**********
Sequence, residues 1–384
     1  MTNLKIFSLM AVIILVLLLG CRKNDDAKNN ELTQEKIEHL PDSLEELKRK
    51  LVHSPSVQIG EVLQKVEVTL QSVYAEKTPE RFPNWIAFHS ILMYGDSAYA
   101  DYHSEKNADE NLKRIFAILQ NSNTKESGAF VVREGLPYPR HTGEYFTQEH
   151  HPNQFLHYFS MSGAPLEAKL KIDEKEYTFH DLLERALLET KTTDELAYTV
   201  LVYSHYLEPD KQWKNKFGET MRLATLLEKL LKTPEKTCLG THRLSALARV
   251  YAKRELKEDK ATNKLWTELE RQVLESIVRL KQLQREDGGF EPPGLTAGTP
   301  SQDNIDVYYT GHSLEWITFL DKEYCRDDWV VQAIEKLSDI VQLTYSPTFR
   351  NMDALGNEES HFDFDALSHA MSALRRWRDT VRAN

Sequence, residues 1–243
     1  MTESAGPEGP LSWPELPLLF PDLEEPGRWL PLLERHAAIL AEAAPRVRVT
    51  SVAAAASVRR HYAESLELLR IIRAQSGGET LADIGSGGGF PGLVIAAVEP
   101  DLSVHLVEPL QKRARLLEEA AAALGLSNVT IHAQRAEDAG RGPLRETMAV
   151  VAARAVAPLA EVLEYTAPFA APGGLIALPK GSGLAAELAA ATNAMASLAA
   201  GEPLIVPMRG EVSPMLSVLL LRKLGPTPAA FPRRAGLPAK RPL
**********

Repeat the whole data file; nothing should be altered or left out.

Sequence, residues 1–384
     1  MTNLKIFSLM AVIILVLLLG CRKNDDAKNN ELTQEKIEHL PDSLEELKRK
    51  LVHSPSVQIG EVLQKVEVTL QSVYAEKTPE RFPNWIAFHS ILMYGDSAYA
   101  DYHSEKNADE NLKRIFAILQ NSNTKESGAF VVREGLPYPR HTGEYFTQEH
   151  HPNQFLHYFS MSGAPLEAKL KIDEKEYTFH DLLERALLET KTTDELAYTV
   201  LVYSHYLEPD KQWKNKFGET MRLATLLEKL LKTPEKTCLG THRLSALARV
   251  YAKRELKEDK ATNKLWTELE RQVLESIVRL KQLQREDGGF EPPGLTAGTP
   301  SQDNIDVYYT GHSLEWITFL DKEYCRDDWV VQAIEKLSDI VQLTYSPTFR
   351  NMDALGNEES HFDFDALSHA MSALRRWRDT VRAN

Sequence, residues 1–243
     1  MTESAGPEGP LSWPELPLLF PDLEEPGRWL PLLERHAAIL AEAAPRVRVT
    51  SVAAAASVRR HYAESLELLR IIRAQSGGET LADIGSGGGF PGLVIAAVEP
   101  DLSVHLVEPL QKRARLLEEA AAALGLSNVT IHAQRAEDAG RGPLRETMAV
   151  VAARAVAPLA EVLEYTAPFA APGGLIALPK GSGLAAELAA ATNAMASLAA
   201  GEPLIVPMRG EVSPMLSVLL LRKLGPTPAA FPRRAGLPAK RPL